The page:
DAVID GREENE, HOST:
Vice President Mike Pence is heading to Miami today. That's a city with a big Venezuelan exile community. And Pence plans to meet with some of them. The unrest in Venezuela will surely be on the agenda, as well as the contentious question of imposing new sanctions on the regime of President Nicolas Maduro. NPR's Greg Allen reports.
GREG ALLEN, BYLINE: The Trump administration has already imposed financial sanctions on some 30 members of Maduro's regime and barred them from traveling to the U.S. U.S. officials, including Vice President Mike Pence, have said the administration is now considering additional sanctions, including measures targeting Venezuela's main source of income, its oil industry.
That would have an impact not just on the Venezuelan government but also on its people, who are already suffering from shortages of food and medicine. But Martin Rodil, president of the Venezuelan American Leadership Council, says tough measures are necessary.
MARTIN RODIL: The sanctions will be hard. But if they're applied in a way that are massive, then you're going to force this regime to go.
ALLEN: But not all Venezuelans agree. Tens of thousands of them live in South Florida. Many, like Sonia Echezuria, have family and friends there. She supports aggressive measures by the U.S., even a military intervention, a possibility raised by President Trump. But targeting oil, she worries, would hurt the Venezuelan people.
SONIA ECHEZURIA: I do believe that it would really impact very negatively the quality of life, the very poor quality of life that Venezuelan people have at this moment.
ALLEN: But the biggest obstacle to imposing oil sanctions isn't how they would affect people in Venezuela but how they would affect people and businesses here.
CHET THOMPSON: We have 22 refineries in this country that have been optimized over the years to process heavy, Venezuelan sour crude.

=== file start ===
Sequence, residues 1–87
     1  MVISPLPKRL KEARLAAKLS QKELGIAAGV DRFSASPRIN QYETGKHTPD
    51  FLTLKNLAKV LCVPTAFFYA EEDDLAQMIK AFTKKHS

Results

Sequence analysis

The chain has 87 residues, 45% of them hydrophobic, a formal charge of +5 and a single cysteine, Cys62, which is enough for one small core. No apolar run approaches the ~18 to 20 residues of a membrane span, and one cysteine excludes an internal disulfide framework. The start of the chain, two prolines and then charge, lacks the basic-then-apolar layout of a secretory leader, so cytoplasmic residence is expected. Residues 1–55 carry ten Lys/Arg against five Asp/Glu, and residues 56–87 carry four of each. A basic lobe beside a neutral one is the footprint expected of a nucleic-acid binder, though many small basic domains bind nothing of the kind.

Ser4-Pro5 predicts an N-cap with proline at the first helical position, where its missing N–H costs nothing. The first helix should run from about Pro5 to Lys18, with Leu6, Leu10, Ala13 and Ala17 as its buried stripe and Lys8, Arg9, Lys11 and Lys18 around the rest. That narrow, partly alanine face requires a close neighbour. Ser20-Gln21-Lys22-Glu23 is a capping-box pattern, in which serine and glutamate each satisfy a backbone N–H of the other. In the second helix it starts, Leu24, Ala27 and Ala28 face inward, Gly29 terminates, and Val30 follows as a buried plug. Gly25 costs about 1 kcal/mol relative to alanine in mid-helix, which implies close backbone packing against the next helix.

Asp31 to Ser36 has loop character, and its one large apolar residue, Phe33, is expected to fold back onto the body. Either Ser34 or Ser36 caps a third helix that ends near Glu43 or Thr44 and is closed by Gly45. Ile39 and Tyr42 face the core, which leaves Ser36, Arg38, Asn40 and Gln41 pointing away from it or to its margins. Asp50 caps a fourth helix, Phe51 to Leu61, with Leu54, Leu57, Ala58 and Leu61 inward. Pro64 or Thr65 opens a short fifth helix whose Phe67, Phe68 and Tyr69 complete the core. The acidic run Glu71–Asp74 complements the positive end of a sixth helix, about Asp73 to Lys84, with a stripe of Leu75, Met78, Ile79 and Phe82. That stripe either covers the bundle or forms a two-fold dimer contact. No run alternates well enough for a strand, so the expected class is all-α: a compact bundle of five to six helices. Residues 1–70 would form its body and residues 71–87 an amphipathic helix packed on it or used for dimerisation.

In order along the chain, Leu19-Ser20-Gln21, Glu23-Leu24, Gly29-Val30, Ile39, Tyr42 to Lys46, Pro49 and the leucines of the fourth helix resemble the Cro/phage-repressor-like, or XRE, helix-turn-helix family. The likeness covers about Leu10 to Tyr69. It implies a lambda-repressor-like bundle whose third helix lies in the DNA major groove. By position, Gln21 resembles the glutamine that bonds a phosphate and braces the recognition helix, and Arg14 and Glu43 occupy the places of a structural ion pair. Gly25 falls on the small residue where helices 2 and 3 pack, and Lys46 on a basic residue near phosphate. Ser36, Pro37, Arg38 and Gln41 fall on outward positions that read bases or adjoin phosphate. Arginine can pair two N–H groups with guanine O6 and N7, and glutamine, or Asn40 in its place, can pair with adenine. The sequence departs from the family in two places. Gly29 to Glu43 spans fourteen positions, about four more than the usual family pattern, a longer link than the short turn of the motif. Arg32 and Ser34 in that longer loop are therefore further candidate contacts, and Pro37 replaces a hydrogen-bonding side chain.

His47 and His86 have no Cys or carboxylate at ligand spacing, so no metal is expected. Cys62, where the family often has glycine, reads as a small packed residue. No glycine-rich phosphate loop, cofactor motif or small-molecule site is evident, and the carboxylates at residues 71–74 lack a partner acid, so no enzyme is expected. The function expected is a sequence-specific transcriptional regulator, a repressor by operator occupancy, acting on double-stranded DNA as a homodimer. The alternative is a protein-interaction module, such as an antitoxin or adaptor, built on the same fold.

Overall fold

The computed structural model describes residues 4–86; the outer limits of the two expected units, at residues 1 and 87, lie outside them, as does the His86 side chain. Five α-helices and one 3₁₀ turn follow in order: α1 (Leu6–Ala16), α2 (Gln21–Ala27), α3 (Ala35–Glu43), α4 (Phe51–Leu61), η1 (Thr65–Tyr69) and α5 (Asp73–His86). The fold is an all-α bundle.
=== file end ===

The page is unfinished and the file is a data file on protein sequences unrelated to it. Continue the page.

ALLEN: Chet Thompson is CEO of the American Fuel & Petrochemical Manufacturers. The refinery industry is most worried about a ban on imports of Venezuelan oil, about three-quarters of a million barrels a day. Thompson is asking the White House to hold off on oil sanctions for Venezuela because it will destabilize markets and likely lead to higher gas prices for U.S. consumers.
THOMPSON: Venezuelan crude accounts for approximately 9 percent of all of our imports. So if they take that step, it absolutely will have a negative impact here in the United States.
ALLEN: But there are ways to sanction Venezuela's oil industry without imposing an outright ban on the crude it sends to the U.S. Francisco Monaldi with Rice University's Baker Institute for Public Policy has analyzed the options available to the Trump administration in a report for the Atlantic Council. He says one idea under consideration is banning the export of American light crude to Venezuela. Banning U.S. oil exports to Venezuela appeals to the Trump administration, Monaldi says, because it would hurt Venezuela while having a limited impact on the oil industry here.
FRANCISCO MONALDI: I think they are more likely to go slowly to be sure that they do not affect too much U.S. interests and to sort of signal the Venezuelan government that if they do not have a change in behavior, then they could impose harsher sanctions.
ALLEN: It's important, Monaldi says, there's international backing for sanctions and a clear message for Venezuela on what changes in behavior are necessary for them to be lifted - also key, finding a way to get humanitarian aid to the Venezuelan people, something that up to now the Maduro regime has rejected. Greg Allen, NPR News.
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